In this argument, with rates close to the zero lower bound, policymakers face asymmetric risks: cut rates early, and the risk of an inflationary overshoot is minimal, but cut rates too late and the economy may risk falling into a low-inflation morass of the sort seen in the eurozone and Japan.
Arguments similar to this one have featured prominently in global central banking. The Fed’s recent rate cut cycle was broadly viewed as “insurance”, both by observers and policymakers.
Moreover, the mix of bad macro data from Q4 provided further reasons for caution. Faced with poor output data from Q4 on one hand, and the prospect of an improvement in growth in 2020 due to reduced political uncertainty on the other, the MPC chose to hold rates.
This suggests that the MPC’s reaction function remains quite insensitive to short-term data volatility and that the bar for easing in 2020 is therefore set quite high.
With incoming data still supporting the MPC’s hopes for a growth pickup in Q1 and through to the end of 2020, we believe rate cuts from the BoE are unlikely this year, although the coronavirus outbreak represents a wild-card risk to global growth in general that will merit careful monitoring.
Chart: Markets continue to expect BoE easing
Brexit outcomes come into focus
At first glance it may seem that the initial negotiating positions set out by the EU and UK in early February are very far apart. However, given the UK is likely to be willing to settle for a relatively narrow “Canada” style agreement and the asymmetric leverage the two sides bring to the negotiating table, a deal by the end of the year remains the most likely outcome in our view.
The UK’s position is less clear than the EU’s, but the key quote from Boris Johnson’s speech in Greenwich on the 3rd of February called for a “free trade agreement, which opens up markets and avoids the full panoply of EU regulation, like the Canada deal”. Johnson went on:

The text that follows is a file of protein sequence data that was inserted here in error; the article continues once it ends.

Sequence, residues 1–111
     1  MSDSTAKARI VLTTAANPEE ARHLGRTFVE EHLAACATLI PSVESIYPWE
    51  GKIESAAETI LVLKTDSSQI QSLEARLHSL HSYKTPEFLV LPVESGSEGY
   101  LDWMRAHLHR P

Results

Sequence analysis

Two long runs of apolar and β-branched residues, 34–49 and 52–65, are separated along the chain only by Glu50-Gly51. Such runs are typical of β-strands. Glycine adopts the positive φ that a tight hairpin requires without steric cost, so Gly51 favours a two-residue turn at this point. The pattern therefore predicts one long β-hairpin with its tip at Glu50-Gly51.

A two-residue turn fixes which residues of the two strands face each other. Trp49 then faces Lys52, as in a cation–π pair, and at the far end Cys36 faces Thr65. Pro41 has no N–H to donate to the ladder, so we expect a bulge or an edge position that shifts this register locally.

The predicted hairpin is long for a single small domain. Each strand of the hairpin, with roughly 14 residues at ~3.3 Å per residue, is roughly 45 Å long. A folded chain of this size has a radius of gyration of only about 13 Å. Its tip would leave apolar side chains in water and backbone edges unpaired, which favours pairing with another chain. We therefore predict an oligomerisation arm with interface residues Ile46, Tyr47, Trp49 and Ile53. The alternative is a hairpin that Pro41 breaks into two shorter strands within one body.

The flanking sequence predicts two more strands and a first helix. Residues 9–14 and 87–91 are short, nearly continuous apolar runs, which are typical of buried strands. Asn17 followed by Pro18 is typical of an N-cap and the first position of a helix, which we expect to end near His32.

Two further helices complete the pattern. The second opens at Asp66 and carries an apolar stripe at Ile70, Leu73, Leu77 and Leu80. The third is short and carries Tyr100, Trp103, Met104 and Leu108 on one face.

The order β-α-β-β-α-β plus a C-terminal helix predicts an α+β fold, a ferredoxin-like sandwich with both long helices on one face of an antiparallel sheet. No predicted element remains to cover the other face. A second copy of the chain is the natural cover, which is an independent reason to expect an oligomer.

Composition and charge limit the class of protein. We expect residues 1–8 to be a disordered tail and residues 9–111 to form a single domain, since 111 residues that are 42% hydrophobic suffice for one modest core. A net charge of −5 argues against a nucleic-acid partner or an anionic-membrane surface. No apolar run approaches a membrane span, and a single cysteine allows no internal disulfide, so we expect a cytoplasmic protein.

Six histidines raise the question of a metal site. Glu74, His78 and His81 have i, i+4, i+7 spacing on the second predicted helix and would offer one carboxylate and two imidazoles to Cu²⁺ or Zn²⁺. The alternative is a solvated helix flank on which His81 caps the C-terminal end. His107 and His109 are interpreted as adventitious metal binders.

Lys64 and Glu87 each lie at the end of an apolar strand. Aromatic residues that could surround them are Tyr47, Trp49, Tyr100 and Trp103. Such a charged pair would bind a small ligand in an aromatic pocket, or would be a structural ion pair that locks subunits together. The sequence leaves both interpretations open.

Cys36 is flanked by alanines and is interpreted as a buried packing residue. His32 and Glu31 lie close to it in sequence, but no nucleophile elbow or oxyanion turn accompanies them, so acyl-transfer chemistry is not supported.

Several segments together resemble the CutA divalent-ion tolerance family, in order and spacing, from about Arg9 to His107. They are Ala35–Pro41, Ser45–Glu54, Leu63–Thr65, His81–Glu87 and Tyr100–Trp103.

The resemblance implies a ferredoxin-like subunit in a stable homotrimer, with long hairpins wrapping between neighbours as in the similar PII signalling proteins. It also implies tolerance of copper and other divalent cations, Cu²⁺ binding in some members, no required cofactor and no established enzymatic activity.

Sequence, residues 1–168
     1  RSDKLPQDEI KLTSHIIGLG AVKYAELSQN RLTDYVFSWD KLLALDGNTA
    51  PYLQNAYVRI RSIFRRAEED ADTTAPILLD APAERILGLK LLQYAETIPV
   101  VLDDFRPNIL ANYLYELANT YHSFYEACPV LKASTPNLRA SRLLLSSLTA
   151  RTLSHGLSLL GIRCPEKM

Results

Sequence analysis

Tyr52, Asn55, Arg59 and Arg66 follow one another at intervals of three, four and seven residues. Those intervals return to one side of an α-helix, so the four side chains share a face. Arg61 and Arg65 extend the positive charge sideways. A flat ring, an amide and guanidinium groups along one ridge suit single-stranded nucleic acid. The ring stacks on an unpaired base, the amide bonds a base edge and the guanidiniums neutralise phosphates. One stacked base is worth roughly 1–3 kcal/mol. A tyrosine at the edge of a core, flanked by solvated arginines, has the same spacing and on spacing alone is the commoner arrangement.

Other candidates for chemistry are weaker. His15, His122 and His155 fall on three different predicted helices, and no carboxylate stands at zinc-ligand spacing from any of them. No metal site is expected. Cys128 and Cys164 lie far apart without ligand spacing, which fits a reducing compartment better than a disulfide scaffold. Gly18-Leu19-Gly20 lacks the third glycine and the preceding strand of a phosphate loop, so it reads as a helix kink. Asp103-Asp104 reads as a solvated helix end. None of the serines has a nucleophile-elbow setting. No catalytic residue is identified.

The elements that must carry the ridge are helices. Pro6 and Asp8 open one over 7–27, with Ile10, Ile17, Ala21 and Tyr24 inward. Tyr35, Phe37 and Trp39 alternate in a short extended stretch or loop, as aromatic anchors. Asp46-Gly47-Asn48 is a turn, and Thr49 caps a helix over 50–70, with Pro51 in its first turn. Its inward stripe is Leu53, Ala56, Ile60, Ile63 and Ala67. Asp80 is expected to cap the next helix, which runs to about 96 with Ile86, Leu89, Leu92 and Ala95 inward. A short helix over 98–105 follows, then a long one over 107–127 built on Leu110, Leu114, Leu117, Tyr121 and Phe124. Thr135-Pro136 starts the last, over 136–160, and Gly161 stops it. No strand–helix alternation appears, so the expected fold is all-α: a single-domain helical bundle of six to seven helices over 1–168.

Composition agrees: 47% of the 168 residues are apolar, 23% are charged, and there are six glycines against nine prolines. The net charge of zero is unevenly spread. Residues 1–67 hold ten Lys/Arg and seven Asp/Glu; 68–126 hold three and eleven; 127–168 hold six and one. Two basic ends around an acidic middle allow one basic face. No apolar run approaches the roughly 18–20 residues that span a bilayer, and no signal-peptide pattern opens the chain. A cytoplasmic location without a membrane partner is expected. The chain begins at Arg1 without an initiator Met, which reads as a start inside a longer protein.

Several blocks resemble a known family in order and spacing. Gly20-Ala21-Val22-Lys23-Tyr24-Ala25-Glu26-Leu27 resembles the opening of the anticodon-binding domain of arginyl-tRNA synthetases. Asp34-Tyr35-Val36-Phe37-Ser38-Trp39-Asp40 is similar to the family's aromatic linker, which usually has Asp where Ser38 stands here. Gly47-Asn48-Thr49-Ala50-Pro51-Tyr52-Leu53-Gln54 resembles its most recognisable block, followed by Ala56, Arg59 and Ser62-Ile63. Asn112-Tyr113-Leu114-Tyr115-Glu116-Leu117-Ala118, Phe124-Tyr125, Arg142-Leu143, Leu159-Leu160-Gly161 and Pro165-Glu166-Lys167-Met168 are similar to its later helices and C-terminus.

There is no need for a free trade agreement to involve accepting EU rules on competition policy, subsidies, social protection, the environment, or anything similar any more than the EU should be obliged to accept UK rules… The UK will maintain the highest standards in these areas – better, in many respects, than those of the EU – without the compulsion of a treaty….
Michel Barnier revealed a negotiating mandate that offered the UK a broad free trade deal. The key passage from the negotiating mandate reads:
The envisaged agreement should uphold the common high standards in the areas of state aid, competition, state-owned enterprises, social and employment standards, environmental standards, climate change, and relevant tax matters.
Based off these initial positions, and Boris’s own comments, it seems the range of likely outcomes has collapsed.
The ultimate outcome now looks likely to fall between a “Canada” style agreement covering mostly goods trade and a far less ambitious “Australia” deal where only certain sectors are covered by narrow tariff reduction agreements. Although exactly where in this range talks will ultimately end is unknown, a “no-deal” end to the transition period looks unlikely.
The bar for a Canada style agreement covering most goods trade is lower than it may initially seem when looking at the two parties’ opening positions. When viewed in the context of existing UK alignment with the EU, as well as the relatively narrow scope of a likely deal on goods, a deal starts to look more plausible.
EU standards on taxation, for instance, are not extensive beyond general OECD commitments. The UK is unlikely to deviate from general principles of human rights. Most notably, the EU mandate does not appear to explicitly require “dynamic alignment” with EU standards.
At a bare minimum the UK could commit to maintaining existing rules on state aid, while accepting the EU will have the unilateral ability to impose tariffs if standards are lowered.
Given both sides are broadly in agreement on their desire to achieve tariff free goods trade, this outcome is our base case.
Author: Ranko Berich, Head of Market Analysis at Monex Europe.